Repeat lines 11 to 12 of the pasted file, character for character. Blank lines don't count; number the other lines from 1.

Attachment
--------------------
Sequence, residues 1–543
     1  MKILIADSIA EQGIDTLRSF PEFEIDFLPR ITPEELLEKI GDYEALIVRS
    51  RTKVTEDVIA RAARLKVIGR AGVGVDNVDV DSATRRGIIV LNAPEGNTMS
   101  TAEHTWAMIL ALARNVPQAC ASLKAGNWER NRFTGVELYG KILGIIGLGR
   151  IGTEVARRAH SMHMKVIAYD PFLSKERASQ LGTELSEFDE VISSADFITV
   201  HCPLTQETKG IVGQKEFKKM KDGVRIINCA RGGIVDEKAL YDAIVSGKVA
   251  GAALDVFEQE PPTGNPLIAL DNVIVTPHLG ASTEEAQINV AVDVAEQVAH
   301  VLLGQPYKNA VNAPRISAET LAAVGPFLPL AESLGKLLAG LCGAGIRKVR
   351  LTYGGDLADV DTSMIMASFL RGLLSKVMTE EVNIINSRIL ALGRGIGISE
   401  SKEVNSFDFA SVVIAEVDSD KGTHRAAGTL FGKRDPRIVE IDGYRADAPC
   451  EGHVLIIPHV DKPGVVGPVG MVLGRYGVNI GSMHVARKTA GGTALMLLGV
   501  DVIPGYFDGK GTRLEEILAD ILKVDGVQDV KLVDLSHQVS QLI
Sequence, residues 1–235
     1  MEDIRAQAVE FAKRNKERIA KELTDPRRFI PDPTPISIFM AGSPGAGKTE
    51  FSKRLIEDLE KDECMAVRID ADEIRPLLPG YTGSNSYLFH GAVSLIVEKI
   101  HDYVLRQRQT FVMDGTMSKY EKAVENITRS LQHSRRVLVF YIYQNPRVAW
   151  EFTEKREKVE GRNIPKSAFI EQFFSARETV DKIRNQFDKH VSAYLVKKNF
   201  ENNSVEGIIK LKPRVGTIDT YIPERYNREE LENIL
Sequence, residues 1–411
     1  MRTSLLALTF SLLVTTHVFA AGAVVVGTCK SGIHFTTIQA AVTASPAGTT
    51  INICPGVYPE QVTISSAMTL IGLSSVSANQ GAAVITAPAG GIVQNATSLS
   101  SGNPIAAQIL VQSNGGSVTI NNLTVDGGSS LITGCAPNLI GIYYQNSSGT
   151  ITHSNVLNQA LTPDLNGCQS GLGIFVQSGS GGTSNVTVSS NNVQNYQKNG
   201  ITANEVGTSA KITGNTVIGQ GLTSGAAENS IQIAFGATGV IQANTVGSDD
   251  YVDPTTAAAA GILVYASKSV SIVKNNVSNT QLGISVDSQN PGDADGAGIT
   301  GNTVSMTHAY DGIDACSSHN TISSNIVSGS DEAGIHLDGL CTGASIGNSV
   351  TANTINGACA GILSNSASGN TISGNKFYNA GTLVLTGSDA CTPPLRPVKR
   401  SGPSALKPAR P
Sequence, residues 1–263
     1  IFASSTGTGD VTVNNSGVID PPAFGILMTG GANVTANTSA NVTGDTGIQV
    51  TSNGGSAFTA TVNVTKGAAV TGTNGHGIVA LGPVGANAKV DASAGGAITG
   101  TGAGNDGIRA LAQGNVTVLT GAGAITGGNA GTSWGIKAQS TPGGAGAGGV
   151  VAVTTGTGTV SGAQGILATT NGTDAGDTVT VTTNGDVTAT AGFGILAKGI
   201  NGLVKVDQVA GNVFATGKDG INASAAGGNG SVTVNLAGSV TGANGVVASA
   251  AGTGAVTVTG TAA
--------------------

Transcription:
   451  EGHVLIIPHV DKPGVVGPVG MVLGRYGVNI GSMHVARKTA GGTALMLLGV
   501  DVIPGYFDGK GTRLEEILAD ILKVDGVQDV KLVDLSHQVS QLI